Pathophysiology of iatrogenic and idiopathic vocal fold paralysis may be distinct

Ted Mau, Solomon Husain, Lucian Sulica

Research output: Contribution to journalArticlepeer-review

6 Scopus citations


Objective: Spontaneous vocal recovery from idiopathic vocal fold paralysis (VFP) appears to differ in time course from recovery in iatrogenic VFP. This study aimed to determine if this difference could be explained by differing mechanisms causing recurrent laryngeal nerve (RLN) dysfunction, specifically whether idiopathic VFP is consistent with a focal RLN axonal lesion. Study Design: Case series with mathematical modeling. Methods: A review of 1267 cases of unilateral VFP over a 10-year period yielded 114 subjects (35 idiopathic, 79 iatrogenic) with a discrete onset of spontaneous vocal recovery. The time-to-recovery data were fit to a previously described two-phase model that incorporates the Seddon classification of neuropraxia and higher grades of axonal injury. Alternatively, the data were fit to a single phase model that does not assume a focal axonal lesion. Results: Time to vocal recovery in iatrogenic VFP can be reliably modeled by the assumption of a focal axonal lesion, with an early recovery group corresponding to neuropraxia and a late recovery group with more severe nerve damage. Time to recovery in idiopathic VFP can be more simply modeled in a single phase, with a time course that mirrors those in diverse biological processes such as transcription and microtubule growth. Conclusion: Idiopathic VFP may not be caused by a focal axonal lesion. Neuritis may be a compatible mechanism. The iatrogenic VFP data lend further support to the concept that the severity of RLN injury, not the length of axon to regenerate, is the chief determinant of recovery time after iatrogenic injury. Level of Evidence: 4 Laryngoscope, 130:1520–1524, 2020.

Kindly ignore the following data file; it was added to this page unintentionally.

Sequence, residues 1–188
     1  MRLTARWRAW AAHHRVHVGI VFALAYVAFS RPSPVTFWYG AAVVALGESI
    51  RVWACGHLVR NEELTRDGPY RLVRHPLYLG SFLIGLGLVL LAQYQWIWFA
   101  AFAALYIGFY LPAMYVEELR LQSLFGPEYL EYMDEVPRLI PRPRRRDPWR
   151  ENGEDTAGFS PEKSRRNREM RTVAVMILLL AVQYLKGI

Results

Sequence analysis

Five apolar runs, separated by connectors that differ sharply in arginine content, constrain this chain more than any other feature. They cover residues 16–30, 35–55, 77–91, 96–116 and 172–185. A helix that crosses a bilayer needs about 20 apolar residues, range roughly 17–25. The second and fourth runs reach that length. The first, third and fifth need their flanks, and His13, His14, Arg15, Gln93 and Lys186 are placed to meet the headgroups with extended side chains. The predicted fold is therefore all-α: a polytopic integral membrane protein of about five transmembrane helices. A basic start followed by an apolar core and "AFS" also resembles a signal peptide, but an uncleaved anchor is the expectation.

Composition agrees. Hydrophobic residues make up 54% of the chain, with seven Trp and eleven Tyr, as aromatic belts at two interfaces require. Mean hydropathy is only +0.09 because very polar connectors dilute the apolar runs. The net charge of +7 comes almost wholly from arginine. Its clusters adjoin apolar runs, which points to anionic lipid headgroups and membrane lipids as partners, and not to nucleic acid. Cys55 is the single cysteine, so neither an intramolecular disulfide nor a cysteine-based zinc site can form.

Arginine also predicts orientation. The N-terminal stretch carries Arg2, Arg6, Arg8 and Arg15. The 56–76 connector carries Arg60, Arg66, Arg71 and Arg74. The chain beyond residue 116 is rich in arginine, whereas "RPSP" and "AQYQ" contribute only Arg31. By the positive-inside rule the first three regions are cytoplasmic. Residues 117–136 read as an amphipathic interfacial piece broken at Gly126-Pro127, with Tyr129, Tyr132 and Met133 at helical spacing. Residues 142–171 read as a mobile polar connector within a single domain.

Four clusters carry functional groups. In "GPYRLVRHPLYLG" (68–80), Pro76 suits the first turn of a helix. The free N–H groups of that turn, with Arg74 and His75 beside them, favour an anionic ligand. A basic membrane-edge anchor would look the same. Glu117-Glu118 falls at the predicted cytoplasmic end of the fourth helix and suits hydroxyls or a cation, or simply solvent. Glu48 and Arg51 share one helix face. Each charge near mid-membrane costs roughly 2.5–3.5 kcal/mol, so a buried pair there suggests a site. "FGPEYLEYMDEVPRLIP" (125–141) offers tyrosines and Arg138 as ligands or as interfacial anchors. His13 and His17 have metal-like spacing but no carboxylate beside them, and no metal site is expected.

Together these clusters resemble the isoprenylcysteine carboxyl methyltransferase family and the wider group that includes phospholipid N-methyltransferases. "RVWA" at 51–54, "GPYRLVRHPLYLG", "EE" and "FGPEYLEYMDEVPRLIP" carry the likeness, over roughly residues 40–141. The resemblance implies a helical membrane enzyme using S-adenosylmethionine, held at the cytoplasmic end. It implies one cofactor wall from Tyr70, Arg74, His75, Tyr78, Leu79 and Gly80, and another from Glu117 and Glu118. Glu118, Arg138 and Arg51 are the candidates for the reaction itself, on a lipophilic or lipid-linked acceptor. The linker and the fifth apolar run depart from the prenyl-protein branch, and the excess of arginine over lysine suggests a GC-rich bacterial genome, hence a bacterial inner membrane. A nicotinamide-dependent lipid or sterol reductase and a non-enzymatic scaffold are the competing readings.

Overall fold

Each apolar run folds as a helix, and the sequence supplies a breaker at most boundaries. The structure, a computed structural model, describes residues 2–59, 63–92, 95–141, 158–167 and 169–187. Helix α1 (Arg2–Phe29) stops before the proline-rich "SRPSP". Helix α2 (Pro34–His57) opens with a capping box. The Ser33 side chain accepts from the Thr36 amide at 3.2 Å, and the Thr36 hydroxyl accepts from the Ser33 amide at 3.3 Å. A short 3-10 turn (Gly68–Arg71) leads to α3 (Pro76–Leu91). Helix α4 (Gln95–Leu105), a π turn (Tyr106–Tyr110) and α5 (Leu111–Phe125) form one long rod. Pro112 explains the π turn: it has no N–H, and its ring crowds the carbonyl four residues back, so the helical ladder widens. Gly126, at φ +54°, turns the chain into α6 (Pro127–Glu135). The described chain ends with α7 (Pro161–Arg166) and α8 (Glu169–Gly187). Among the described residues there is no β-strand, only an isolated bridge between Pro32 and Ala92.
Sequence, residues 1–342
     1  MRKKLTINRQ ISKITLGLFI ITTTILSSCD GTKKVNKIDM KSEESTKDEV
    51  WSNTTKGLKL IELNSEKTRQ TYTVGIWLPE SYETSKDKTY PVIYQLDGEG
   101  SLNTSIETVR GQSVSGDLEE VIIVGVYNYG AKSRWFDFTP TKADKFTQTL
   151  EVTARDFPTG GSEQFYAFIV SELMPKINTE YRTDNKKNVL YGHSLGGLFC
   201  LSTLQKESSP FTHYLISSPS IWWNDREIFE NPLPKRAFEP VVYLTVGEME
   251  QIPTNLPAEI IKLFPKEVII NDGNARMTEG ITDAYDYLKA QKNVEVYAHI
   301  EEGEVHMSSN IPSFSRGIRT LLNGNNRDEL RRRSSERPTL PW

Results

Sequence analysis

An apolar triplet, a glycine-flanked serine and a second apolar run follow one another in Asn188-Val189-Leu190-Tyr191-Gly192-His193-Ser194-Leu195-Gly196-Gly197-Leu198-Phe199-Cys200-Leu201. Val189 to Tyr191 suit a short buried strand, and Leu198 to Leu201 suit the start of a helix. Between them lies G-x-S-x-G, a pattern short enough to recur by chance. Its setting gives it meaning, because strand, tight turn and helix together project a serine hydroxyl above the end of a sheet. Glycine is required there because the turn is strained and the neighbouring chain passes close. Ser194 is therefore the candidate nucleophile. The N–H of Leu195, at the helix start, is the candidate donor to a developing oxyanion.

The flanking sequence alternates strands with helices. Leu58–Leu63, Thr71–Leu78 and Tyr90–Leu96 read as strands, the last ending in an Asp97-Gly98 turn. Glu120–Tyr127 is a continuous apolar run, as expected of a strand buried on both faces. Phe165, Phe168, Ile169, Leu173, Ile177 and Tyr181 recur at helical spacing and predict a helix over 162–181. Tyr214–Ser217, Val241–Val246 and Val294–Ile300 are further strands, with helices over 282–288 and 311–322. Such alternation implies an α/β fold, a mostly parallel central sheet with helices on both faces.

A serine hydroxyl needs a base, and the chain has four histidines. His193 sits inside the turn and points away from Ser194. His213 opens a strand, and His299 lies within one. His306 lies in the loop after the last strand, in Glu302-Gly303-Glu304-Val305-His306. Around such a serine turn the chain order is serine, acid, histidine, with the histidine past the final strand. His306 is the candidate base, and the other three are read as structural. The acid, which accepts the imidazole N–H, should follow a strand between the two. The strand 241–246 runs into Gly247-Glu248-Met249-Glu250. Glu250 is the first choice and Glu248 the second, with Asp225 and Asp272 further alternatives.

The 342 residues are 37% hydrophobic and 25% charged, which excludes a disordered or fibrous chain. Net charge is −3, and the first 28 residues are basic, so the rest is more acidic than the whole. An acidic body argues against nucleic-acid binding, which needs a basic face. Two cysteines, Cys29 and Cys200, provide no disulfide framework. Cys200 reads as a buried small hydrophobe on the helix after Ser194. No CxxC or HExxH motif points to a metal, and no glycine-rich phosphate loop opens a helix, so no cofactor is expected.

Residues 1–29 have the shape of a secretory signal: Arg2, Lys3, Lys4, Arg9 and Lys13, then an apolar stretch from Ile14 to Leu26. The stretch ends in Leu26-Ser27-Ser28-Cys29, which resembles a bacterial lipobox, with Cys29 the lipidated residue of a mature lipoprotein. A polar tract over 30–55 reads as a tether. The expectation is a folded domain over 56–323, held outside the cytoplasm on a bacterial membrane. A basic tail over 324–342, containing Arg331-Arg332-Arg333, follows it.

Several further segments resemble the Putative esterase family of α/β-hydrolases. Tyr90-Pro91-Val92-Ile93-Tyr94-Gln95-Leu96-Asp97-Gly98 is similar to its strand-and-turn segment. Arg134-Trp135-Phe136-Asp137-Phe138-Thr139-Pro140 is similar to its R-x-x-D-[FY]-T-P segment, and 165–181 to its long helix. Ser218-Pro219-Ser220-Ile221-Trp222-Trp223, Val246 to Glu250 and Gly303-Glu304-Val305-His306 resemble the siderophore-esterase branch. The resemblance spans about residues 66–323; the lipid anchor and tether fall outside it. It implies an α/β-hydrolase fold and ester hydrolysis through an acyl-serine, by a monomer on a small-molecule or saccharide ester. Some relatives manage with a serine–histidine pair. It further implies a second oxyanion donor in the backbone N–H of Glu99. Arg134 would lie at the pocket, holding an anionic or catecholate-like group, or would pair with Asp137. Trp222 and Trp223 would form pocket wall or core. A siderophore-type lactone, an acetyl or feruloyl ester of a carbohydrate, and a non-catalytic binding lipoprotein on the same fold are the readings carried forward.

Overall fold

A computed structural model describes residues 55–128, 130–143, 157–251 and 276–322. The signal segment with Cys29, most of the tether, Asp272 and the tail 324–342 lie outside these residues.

Original languageEnglish (US)
Pages (from-to)1520-1524
Number of pages5
Issue number6
StatePublished - Jun 1 2020


  • Vocal fold paralysis
  • ex-Gaussian
  • iatrogenic vocal fold paralysis
  • idiopathic vocal fold paralysis
  • peripheral nerve regeneration
  • reinnervation

ASJC Scopus subject areas

  • Otorhinolaryngology


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